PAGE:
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Harker Heights Evening Star
Harker Heights Evening Star

10th Wreath Retrieval Ceremony draw over 600

10th Wreath Retrieval Ceremony draw over 600

Shannon Myres 

Evening Star 


Over 600 people gathered at the Central Texas State Veterans Cemetery for the 10th annual wreath retrieval. The wreaths adorned with red bows are placed on every grave and memorial within the cemetery on the Saturday after Thanksgiving, to honor those and their families who are laid to rest there.

“It’s always amazing to me, to see how many people are committed to see the whole program through every year,” said Shine, executive board member of the Friends of Central Texas State Veterans Cemetery (FCTSVC). “So, having such a large crowd to come out and do the hard work of getting things picked up and stored for next year, it’s always just heartwarming to see the people. The holidays are over, but people are still in the spirit of giving to the community and to those who served,” said Shine.

The organizations involved were a little concerned on attendance due to the delaying of one week caused by turbulent weather.

The average crowd of citizens to attend the retrieval is 800 to 1,000.

Wreath2“They’re rolling in, just like they always do. So, it just shows what a real community event this is and that people are so dedicated to the mission of laying of the wreaths, picking them up, and making sure that this continues on,” said Shine.

The wreath project has honored the Central Texas State Veterans Cemetery for the past 10 years.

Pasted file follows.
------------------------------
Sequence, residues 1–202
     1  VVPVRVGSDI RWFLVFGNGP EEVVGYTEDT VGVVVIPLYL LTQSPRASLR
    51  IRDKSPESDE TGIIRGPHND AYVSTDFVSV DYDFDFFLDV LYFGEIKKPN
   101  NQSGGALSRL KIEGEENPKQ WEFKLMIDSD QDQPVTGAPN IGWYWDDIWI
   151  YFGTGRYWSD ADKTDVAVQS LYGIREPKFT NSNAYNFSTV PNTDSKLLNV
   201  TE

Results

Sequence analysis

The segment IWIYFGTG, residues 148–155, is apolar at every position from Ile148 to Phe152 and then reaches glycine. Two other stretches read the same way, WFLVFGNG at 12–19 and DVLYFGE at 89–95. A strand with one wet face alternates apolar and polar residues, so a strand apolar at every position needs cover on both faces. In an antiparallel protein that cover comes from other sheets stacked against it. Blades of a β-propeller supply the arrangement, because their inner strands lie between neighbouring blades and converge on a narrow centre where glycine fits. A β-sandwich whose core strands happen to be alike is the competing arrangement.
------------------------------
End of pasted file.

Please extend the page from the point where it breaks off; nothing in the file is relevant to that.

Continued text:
The project started when Wreaths Across America delivered a few wreaths to every veterans cemetery in the United States. A community member believed that every grave should have a wreath and rallied together to make the wreath laying possible.

Volunteer, Robert Whitney, local resident and retired Army, was there at the first wreath laying ceremony.

“Jean (Shine) came out here one day to lay a wreath on someone’s grave and she looked down on all these graves and came back to our church and said there was nothing out there on the graves. We all had a meeting at the church and it grew from there,” said Whitney.

Whitney has participated in nearly all of the ceremonies and retrievals over the wreath laying’s history.

“It gets bigger every year. It started out as 50 to 60 people and now over 1,000 come. It’s fantastic,” said Whitney. “These are all my buddies out here. My neighbors. I retired in ’77 and some of my people are out here. Just showing them respect, that’s all it is,” said Whitney.

All of the wreaths that numbered over 7,000, were picked up, secured, and stored on storage trucks.

“It says a lot about our community. It shows that we can still pull together for great events like this and that there’s still hope in humanity. It says a lot,” said Craig Larson, wreath retrieval volunteer.

With every year, the cemetery grows with over 800 graves needing more wreaths and volunteers to continue the tradition of honoring our veterans.

Although the wreaths are stored, the FCTSVC works throughout the year, collecting donations, organizing events, and wreath prepping to ensure every grave new and old will have a wreath come November.

For more information on upcoming opportunities with the FCTSVC or would like to make a donation or volunteer, visit, www.wreathsforvets.orgWreath2


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